The future is minimal and immutable - a new generation of operating systems

Krystian Kacprzak

What are minimal, monolithic, and immutable Linux distributions?

To start with, we need to cover some fundamental definitions. What is a Linux distribution, I don’t think, needs explaining. What needs explaining and is often thrown into one bag are the types of distributions listed above. So what is this all about?

  • Minimal means that the system contains an absolute bare minimum set of tools needed to perform its job, in most cases, such systems are container-oriented and are not meant to be interacted with by humans, often not even having tools such as “sudo”.
  • Monolithic very often comes in pair with minimal, and means that the system takes care of itself. Automatic updates, automatic health checks, automatic backups, automatic rollbacks. A “set it and forget it” type of system, so to speak.
  • Immutable means that the core base of the system - everything except logs, personal configuration, and user files - are read-only, and cannot be tampered with by the user. The whole system is a solid image that is exactly the same across all existing installations.

As you can imagine, this can be mixed and matched however you want, minimal and monolithic, monolithic and immutable. This just boils down to the use case, what specific user needs and wants in their system. Each property gives different possibilities and has its advantages and flaws that need to be considered before deciding to switch to it.

But why? Isn’t this just complicating everything?

No, in fact - quite the opposite. Of course, a typical server or desktop OS doesn’t have these properties, and can and will work perfectly fine. But in some applications, it’s just convenient and easier to use for example minimal, monolithic or immutable distribution, both in server and in desktop space.

Let’s say we want to run a HA redirection proxy for our critical service. Yes, of course, we can use a typical, full-featured Linux server distribution, such as RHEL, SUSE, or UBUNTU, and it will work perfectly fine. But this needs resources - even as a virtual machine a typical server OS needs at least 10 GB of storage, 2 vCPUs and at least 1 GB of RAM, it’s just the bare minimum. On top of that, we need to consider regular updates. All of that is for one package, that we will set up once and not change for the next 2, 5 or 10 years. How convenient would it be to shrink this VM to just 2 GB of storage, 1 vCPU and 256 MB of RAM, set it and leave, knowing it will automatically update, backup and rollback if something goes wrong? Paired with a reproducible installation feature, such as Ignition in Fedora CoreOS, where you can deploy as many preconfigured servers as you like with one network-hosted file this sounds like a perfect solution.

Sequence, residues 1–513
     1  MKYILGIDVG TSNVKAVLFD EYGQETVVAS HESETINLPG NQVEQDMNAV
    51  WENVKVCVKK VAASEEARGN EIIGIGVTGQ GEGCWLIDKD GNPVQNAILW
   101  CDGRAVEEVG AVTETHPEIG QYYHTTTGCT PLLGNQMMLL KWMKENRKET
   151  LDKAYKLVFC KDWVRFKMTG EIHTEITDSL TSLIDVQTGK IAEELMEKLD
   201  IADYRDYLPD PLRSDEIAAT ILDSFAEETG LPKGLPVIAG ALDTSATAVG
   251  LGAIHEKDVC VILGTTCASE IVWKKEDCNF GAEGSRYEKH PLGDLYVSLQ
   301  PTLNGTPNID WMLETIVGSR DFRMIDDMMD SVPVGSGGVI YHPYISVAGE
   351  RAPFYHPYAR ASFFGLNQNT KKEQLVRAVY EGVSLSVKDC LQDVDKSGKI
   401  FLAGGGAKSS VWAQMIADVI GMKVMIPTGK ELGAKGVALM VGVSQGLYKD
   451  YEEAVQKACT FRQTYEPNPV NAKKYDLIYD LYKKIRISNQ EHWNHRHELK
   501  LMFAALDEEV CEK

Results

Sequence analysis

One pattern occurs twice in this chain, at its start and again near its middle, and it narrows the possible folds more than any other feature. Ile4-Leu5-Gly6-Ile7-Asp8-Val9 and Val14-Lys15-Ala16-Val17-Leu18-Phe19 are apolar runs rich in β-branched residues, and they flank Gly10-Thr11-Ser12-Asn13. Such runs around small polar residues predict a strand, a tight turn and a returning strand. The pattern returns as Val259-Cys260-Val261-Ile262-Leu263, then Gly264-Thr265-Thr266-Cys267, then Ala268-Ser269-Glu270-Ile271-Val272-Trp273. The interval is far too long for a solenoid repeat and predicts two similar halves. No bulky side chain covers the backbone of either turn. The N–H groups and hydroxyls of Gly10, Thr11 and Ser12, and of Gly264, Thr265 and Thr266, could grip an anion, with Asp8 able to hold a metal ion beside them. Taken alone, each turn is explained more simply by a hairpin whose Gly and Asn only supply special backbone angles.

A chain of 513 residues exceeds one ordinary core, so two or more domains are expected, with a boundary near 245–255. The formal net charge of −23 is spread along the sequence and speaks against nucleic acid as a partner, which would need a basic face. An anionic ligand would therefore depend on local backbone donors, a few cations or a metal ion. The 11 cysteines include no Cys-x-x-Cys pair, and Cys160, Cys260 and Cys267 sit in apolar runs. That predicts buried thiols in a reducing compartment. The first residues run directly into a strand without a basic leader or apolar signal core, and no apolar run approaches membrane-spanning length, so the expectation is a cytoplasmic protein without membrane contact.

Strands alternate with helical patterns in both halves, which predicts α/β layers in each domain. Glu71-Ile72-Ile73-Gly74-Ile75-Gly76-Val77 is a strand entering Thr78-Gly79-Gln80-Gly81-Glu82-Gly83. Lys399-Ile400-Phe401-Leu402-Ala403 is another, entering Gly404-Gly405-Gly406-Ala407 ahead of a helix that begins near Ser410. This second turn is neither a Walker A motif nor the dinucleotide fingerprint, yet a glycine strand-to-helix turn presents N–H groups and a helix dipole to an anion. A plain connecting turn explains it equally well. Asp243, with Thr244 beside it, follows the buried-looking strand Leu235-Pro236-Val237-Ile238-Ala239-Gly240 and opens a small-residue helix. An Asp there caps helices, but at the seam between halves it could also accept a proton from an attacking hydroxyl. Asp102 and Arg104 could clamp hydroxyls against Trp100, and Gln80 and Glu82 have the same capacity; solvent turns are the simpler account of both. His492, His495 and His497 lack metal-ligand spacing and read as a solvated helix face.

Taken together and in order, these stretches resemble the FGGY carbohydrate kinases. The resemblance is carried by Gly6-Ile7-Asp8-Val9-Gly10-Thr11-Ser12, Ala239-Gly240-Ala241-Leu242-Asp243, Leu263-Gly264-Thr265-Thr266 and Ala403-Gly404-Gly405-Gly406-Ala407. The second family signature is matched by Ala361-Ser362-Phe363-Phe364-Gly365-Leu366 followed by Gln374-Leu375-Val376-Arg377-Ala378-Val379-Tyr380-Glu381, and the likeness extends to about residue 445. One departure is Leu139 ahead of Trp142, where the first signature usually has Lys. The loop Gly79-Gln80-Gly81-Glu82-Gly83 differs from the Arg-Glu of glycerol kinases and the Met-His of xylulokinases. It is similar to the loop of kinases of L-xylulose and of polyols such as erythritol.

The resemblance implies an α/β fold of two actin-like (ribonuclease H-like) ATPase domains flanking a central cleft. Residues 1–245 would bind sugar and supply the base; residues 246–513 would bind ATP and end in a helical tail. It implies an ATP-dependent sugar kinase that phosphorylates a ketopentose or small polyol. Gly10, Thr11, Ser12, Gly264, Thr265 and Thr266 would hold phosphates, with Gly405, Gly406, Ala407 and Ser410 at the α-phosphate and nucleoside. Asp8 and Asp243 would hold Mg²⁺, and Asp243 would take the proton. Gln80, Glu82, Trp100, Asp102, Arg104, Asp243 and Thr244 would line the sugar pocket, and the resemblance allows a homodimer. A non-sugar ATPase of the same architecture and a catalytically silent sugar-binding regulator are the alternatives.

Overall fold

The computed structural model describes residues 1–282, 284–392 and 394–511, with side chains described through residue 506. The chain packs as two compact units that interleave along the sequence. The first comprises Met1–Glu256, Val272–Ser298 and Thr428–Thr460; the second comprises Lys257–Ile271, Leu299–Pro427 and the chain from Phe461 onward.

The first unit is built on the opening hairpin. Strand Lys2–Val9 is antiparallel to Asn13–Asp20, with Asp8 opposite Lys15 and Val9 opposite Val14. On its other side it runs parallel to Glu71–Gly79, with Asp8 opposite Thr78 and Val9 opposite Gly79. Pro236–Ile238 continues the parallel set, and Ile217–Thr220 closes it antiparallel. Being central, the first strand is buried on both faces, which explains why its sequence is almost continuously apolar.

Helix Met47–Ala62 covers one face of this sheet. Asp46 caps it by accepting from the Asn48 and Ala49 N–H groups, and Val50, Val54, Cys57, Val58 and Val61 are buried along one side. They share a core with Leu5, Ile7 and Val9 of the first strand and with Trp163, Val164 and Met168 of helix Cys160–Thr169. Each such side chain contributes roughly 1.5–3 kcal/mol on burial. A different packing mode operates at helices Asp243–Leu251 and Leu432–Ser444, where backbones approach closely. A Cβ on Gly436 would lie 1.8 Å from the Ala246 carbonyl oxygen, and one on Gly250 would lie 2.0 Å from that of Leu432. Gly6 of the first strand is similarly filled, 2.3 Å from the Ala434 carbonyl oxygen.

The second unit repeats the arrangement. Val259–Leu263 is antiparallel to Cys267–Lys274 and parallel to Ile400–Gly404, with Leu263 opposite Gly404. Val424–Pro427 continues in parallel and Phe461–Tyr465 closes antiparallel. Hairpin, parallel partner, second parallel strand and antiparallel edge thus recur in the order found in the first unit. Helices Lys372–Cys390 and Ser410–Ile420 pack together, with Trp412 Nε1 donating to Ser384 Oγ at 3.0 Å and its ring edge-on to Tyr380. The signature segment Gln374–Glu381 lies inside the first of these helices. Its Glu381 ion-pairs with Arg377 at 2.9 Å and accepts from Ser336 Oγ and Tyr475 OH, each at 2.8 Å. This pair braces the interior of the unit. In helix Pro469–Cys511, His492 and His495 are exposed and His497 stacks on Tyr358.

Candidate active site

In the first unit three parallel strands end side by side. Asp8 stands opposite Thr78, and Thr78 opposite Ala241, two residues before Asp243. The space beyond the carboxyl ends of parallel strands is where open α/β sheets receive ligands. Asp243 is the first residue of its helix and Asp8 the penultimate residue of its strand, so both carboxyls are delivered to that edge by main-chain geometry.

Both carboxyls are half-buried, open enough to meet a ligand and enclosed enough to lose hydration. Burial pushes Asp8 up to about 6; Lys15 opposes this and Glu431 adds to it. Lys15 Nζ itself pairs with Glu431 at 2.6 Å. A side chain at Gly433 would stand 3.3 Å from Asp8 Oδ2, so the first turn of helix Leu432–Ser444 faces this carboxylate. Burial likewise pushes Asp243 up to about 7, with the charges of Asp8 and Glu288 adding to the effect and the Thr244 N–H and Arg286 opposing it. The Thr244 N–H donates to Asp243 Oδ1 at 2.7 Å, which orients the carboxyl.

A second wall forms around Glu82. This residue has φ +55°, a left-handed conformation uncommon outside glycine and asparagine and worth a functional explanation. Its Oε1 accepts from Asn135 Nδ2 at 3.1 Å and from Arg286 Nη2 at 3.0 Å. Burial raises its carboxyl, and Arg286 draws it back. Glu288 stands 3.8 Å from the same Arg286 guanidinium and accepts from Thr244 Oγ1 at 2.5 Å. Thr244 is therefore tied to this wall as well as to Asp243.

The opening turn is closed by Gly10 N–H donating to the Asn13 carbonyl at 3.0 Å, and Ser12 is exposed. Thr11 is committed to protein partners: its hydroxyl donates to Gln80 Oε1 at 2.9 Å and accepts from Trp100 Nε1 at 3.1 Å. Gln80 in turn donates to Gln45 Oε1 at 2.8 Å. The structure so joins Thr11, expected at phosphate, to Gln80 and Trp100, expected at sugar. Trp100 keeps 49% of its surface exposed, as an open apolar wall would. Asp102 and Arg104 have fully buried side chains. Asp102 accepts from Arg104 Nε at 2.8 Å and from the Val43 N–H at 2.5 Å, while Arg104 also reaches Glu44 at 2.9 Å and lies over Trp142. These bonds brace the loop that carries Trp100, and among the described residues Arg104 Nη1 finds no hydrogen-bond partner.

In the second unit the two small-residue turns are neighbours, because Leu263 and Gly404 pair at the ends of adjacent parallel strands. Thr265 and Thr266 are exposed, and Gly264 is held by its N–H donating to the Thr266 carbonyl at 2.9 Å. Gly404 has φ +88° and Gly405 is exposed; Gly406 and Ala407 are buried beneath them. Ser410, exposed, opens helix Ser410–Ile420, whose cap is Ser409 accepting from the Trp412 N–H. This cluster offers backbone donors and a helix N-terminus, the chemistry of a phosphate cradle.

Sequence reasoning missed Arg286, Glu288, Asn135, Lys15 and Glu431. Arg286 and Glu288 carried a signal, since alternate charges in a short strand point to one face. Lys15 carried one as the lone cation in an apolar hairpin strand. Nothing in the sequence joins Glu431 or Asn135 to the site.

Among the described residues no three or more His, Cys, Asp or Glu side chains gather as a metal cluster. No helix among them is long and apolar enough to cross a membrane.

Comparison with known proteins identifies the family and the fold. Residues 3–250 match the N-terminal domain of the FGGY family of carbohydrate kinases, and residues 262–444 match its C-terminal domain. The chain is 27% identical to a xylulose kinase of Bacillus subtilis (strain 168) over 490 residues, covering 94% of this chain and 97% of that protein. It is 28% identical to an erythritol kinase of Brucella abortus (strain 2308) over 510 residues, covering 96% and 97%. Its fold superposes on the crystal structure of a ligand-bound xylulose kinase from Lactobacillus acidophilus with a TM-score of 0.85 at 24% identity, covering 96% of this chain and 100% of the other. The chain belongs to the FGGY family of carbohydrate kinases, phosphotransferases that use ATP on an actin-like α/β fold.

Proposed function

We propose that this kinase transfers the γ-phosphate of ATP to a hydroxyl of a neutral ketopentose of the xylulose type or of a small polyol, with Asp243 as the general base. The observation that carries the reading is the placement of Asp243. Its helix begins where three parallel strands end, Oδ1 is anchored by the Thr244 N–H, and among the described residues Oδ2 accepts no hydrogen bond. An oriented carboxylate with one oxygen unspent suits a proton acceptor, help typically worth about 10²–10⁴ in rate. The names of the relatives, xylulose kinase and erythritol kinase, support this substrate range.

And what if a company wants to have a simple, free, easy to use OS for their office workers, where they absolutely can not break anything? In this case, immutable desktop Linux distributions come into play, such as Fedora Silverblue/Kinoite, NixOS or VanillaOS. Their end users don’t have to worry about installations, configuration, or updates - the filesystem is read-only, updates are atomic (meaning they are committed fully or not committed at all), and users only have access to their home directory. Of course, they still can install applications they need from distro-agnostic packaging formats, such as Flatpak, Snap or AppImage, however, these applications are sandboxed, isolated from the main filesystem and even if they’re hacked or break, absolutely nothing happens to the OS itself. As a fun fact - MacOS is mainly an immutable OS and works on the same premise as the aforementioned NixOS or Fedora Silverblue.

Most recognisable examples of such systems

Here we have to make an important distinction between server and desktop OS. Both can be vastly different, and immutability is more prevalent in desktop space, whereas minimalism and monolithicity are rather associated with servers.